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On July 30, 2019, Governor Mike DeWine took the historic step of signing SB 57 - Ohio’s hemp bill - into law. This legislation ended  over 70 years of prohibition of the incredibly versatile cannabis plant. Provisions of the bill include:

  • The Ohio Department of Agriculture will draft and administer rules

  • The ODA’s rules will be submitted to the USDA for approval

  • Unlimited number of licenses to grow and process

  • Goal is for farmers to begin planting spring 2020

  • Hemp will be defined as less that 0.3% delta THC.

  • Ohio almost fell to last place as the 47th state to pass a bill

  • Hemp could become the state’s third largest crop

  • The bill went into effect immediately

In January 2020, the Ohio Department of Agriculture approved hemp growing regulations. That’s exactly what Julie Doran, founder of the Ohio Hemp Farmers Cooperative, did in the spring and summer. Her team planted and later harvested nine varieties of hemp at her Westerville farm.

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HUGE NEWS! On December 12, 2018, the U.S. Senate overwhelmingly passed the 2018 Farm Bill by 87-13. The U.S. House of Representatives followed up the next day with a favorable vote of 369-47. President Trump subsequently signed the bill and it went into effect on January 2, 2019. This essentially legalizes the cultivation, processing and sales of industrial hemp in the United States provided certain provisions are met. According to Vote Hemp, the new law will:

  • Define industrial hemp broadly to cover all parts of the Cannabis plant including seeds, derivatives, extracts, cannabinoids etc as long as it has a THC level of 0.3% or less

  • Remove hemp completely from the Controlled Substances Act (CSA)

  • Make USDA the sole federal regulatory agency overseeing hemp cultivation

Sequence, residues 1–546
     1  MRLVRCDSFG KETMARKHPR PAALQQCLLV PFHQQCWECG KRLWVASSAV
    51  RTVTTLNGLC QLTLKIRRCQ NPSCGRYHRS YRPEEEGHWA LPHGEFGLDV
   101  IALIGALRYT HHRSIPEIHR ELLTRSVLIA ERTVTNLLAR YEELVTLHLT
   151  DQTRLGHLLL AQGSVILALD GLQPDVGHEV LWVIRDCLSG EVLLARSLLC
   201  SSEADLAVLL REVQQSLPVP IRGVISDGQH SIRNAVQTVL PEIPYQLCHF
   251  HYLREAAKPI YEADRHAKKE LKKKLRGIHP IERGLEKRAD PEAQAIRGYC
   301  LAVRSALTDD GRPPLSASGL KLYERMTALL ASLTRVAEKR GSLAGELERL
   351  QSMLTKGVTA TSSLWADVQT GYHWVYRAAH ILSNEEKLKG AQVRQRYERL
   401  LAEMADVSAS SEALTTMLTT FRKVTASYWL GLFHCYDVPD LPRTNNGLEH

• Authorize federal crop insurance for hemp

  • Require USDA to develop federal regulations for hemp farming that may be used in states that choose not to be the primary regulator (like Ohio?)

  • Require states wishing to have primary regulatory authority to submit a plan for regulation to USDA that meets minimum requirements

  • Makes clear that cannabinoids are included so hemp derived CBD will not be a controlled substance (although a legal gray area remains).


Hemp farming and research is not legal in Ohio. The Ohio General Assembly never passed legislation to enable hemp research and pilot plots as permitted by the 2014 Farm Bill. There are currently no hemp bills pending.

The State of Ohio Board of Pharmacy has publicly stated its position on CBD under HB 523's definition of marijuana. Essentially, in their view, the only legal CBD in Ohio will be that purchased from a licensed dispensary. Read their FAQ here.

Industrial Hemp in Ohio

The State of Ohio is perfectly poised to thrive in the new growth economy posed by the industrial uses of hemp. Why? Because Ohio is the quintessential agricultural state, manufacturing state and distribution state, all of which are key ingredients to a growth market.

Industrial Hemp in Ohio

  • According to the Ohio Farm Bureau: “Food and agriculture is Ohio’s top industry, contributing $93.8 billion to Ohio’s economy. There are 75,700 farms in the state with the average farm size being 188 acres. Ohio is ranked 11th nationally in the number of farms.

  • The U.S. Census Bureau reported that the "Manufacturing sector was the 2nd largest employer in Ohio in 2010, with 599,130 employees, and that "Ohio ranked 4th in the U.S. in number of manufacturing plants."

  • In terms of logistics, the state ranks third in the country in total value of inbound and outbound shipments at $907 billion, and first in value of outbound shipments at $244 billion.

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